Check the label to determine how long it will take the adhesive to dry. Communicate the drying time to your clients as well and let them know that they should avoid walking on the tiles during this period. Otherwise, they might damage the bond between the tiles, causing them to loosen and the grout joints to crack.
Mix the thin-set with the adhesive until you get a mayonnaise-like consistency. Let it rest for about ten minutes before you spread it on the surface floor.
Use a trowel to spread a thin layer of thin-set. Hold it at a 45-degree angle to smear the mortar evenly and ensure there are no bulges or gaps.
Step #6: Set the Ceramic Floor Tiles
Lay the tile gently over the thin-set. With your fingertips widespread, push the tile down to set it in place firmly. Twist your wrist slightly as you do so to spread the adhesive over the surface of the tile.
Begin from the center of the room and move towards the walls. Apply constant finger pressure as you go to avoid lippage.
We truly recommended you to use Rubi Tile Level Quick. This leveling system is ideal for installing large format ceramic tiles (minimum size required: 12”x12”) and thickness levels between 1/8” and 5/8”, by using the double gluing technique.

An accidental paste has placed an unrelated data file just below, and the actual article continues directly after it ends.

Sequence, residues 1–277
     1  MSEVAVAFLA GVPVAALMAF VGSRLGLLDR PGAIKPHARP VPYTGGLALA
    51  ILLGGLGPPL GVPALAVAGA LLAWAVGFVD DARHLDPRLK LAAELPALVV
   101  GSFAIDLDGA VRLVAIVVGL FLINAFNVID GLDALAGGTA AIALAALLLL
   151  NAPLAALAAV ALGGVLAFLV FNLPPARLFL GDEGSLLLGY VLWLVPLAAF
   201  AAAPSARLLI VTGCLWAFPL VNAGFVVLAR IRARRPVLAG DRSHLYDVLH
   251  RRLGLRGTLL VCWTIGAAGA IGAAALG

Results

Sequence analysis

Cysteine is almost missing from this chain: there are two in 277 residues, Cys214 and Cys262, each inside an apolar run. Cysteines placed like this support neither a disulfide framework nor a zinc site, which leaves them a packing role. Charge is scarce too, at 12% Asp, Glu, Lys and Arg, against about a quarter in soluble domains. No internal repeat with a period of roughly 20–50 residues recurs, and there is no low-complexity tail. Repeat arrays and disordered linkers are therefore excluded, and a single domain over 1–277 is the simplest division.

The nippers allow pressure to be adjusted according to the thickness of the ceramic tile, allowing the user to always exert the exact pressure necessary at all times and this facilitating the use of the system for users who are not accustomed to it.
Thanks to the TILE LEVEL QUICK, the ceramic tile installer sees how work time is reduced and the profitability of installation work improves, both floor and wall tiles.
Once the adhesive is dry, you can begin preparing and applying the grout. Mix it until you obtain a smooth yet firm paste. Spread the grout evenly and use a blunt stick to force it between the joints of the tile.
Use a big sponge and water to remove the excess and give the floor tile an even look. Keep in mind that this part is very painstaking and you will need to wash the surface several times to obtain the result you were hoping for.
After the grout has dried, use a dry cloth to buff the tiles. Use vinegar to remove any dirt or haze. Last but not least, apply a grout sealer to ensure everything will be kept in place.
After several days of hard work, your job is complete. It was a difficult and demanding process, but the result is well worth it. Not only that, but because you’ve followed all the right steps, were patient, and didn’t skip any of the preparation parts, then you are confident that your ceramic floor tiles will last for years to come.
Give yourself a pat on the back. You deserve it. Just like the mosaics from ancient architecture, your floor tile is a work of art. And, it will probably last just as long!